Opinions on Cuts

Z'sTrees

Well-Known Member
Snap cuts really shouldn't be used, IMO. You inevitably create a scenario where the crane is lifting more weight than the pick in order to break it off. Straight through where applicable, but the shelf cut and v cut are great tools for questionably balanced picks. Don't forget a traditional face and back cut can work well in some situations too. No matter what cut you make you want to be completely cutting the piece off, not letting the crane or gravity separate fibers.
 

Mitch Hoy

Active Member
I carry a wedge on a lanyard and make a straight back cut to the crane most of the time.
I make face cuts for pieces to boom up on.
I save the shelf for weird positions.
 

andrus kokerov

Well-Known Member
A shelf or V-cut almost always for me. Keeps the piece in place and time for the climber and crane to react. Also no extra lifting power needed. On stem parts i often cut just through, no problem when you guest the weight right. Iv used a facecut ones to boom a leader up, that i wasent sure i can balance out and it was realy close to the roof.
 

rope-a-dope

Well-Known Member
I make one plane cuts for nearly every pick. But with a certain order of saw direction so that when you get down to the minimum fibers, the movement wont pinch until the cut is 100% complete.
 

ghostice

Well-Known Member
"Snap cuts really shouldn't be used, IMO. You inevitably create a scenario where the crane is lifting more weight than the pick in order to break it off"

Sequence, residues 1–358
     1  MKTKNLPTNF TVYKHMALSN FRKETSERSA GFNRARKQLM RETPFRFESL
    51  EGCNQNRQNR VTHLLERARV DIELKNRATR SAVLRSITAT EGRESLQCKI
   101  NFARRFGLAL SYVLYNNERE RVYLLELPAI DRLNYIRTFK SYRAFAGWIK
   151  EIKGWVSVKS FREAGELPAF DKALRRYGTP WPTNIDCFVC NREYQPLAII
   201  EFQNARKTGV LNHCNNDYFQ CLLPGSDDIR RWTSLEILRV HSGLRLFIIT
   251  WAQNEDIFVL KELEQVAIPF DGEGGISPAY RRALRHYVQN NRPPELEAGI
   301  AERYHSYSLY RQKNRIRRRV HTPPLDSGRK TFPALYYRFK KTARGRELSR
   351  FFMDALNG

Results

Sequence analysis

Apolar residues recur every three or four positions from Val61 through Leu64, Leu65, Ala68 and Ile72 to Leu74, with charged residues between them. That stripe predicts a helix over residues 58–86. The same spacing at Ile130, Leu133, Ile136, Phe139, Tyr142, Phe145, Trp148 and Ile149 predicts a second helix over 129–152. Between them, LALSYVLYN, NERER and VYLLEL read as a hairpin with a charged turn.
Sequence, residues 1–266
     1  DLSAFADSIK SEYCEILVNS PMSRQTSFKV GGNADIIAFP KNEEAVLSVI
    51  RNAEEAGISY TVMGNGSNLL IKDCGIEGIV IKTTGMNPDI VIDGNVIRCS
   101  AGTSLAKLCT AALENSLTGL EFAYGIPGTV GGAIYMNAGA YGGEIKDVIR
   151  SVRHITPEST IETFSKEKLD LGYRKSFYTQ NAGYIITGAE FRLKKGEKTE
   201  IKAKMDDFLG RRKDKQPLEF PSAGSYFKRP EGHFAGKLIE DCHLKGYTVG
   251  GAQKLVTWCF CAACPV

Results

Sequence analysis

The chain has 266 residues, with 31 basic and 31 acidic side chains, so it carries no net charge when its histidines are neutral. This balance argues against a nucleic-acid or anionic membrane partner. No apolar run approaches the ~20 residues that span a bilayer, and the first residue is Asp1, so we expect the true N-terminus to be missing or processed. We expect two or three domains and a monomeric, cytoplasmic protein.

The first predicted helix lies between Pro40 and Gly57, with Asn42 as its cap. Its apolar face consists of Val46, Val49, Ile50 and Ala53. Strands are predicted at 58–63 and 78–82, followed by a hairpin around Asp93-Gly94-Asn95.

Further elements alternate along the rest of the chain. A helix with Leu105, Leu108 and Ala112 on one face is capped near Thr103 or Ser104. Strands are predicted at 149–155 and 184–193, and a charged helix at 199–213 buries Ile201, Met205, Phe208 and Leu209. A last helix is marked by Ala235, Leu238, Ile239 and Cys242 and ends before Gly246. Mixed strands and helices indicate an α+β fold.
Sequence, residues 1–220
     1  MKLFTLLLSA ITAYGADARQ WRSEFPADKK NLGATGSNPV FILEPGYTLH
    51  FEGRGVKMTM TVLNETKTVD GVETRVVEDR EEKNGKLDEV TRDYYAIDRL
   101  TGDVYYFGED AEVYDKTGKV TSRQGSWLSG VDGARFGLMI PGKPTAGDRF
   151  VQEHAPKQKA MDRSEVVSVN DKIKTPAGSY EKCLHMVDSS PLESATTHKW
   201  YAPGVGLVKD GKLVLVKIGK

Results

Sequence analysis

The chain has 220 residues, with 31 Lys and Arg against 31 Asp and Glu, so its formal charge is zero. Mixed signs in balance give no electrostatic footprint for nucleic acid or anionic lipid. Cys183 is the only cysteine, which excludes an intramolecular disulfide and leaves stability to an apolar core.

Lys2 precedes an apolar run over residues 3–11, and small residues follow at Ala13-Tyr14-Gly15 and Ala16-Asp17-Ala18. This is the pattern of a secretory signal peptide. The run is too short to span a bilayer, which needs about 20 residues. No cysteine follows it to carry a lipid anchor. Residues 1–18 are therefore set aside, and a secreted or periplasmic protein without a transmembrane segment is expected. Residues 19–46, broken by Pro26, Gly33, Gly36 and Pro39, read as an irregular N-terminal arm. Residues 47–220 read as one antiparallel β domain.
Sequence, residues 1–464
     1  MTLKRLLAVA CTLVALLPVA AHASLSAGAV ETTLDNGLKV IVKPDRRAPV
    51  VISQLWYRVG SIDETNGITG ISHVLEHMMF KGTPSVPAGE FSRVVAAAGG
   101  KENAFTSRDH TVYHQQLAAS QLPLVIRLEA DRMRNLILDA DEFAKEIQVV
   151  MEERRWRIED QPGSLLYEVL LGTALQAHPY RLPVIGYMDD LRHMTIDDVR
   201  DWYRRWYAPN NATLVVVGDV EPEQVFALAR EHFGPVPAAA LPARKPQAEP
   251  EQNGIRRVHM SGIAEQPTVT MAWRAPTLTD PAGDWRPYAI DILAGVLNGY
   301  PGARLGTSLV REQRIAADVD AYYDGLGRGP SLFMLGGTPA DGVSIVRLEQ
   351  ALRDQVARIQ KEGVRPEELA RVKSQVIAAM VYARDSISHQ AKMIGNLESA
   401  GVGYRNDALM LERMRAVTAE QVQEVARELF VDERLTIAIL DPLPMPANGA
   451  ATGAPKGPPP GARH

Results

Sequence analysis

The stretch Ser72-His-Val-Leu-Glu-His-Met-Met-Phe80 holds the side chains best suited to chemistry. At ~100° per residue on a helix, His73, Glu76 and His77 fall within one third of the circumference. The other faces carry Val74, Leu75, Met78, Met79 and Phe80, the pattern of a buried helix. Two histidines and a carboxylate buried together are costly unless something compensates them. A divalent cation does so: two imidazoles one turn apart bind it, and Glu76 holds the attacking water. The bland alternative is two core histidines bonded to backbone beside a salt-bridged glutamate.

I wondered about this too, but suspended my scepticism when told that it's common for helicopter logging to make a cut from both sides horizontally in the same plane, but leave about 3/4" "hinge" more to one side of the trunk (i.e. not in the center). Usually heli logging will indicate to the machine the direction to pull the tree with tape near the ground - the pull being made in the direction of shorter distance to the "hinge wood". Been told that crane can do the same with boom movement rather than straight vertical cable up. Further thoughts? Still personally prefer a "V" cut usually.
 

allmark

Well-Known Member
Snap or by pass cuts are very effective cuts. The key is to not be too thick between the cuts or as previously stated the crane will need to apply to much pressure and cause a shock load. They are also very useful for new cutters with cranes until they gain more experience
 

*useless info*

Well-Known Member
Snap or by pass cuts are very effective cuts. The key is to not be too thick between the cuts or as previously stated the crane will need to apply to much pressure and cause a shock load..
...And helps to have that small tension opposite side of pick,
so; can close face and stretch opposing tension to snap.
.
Like, leave 3/4" tension strap(a la'ghostice )not in center;to give most leveraged distance(compression close crane side to tension fiber opposing side) for crane against tension hold .
.
Tapered Hinge into upward open face great for working off balance horizontals into vertical pick with crane in good wood if operator agrees.
Then can have Dutched opposing side to force tearoff and also serve more towards crane in end game of sweep upward.
.
Crane is how we show the last resort to drop something is up!
 
Last edited:

Tony

Well-Known Member
Snap or by pass cuts are very effective cuts. The key is to not be too thick between the cuts or as previously stated the crane will need to apply to much pressure and cause a shock load.
Yup, what he said. I also like to line them up inline with the boom. Put the lower cut toward the crane, ball opposite. The the operator can boom up to separate. You can double kurf the lower cut as well, becomes a shallow face.

Tony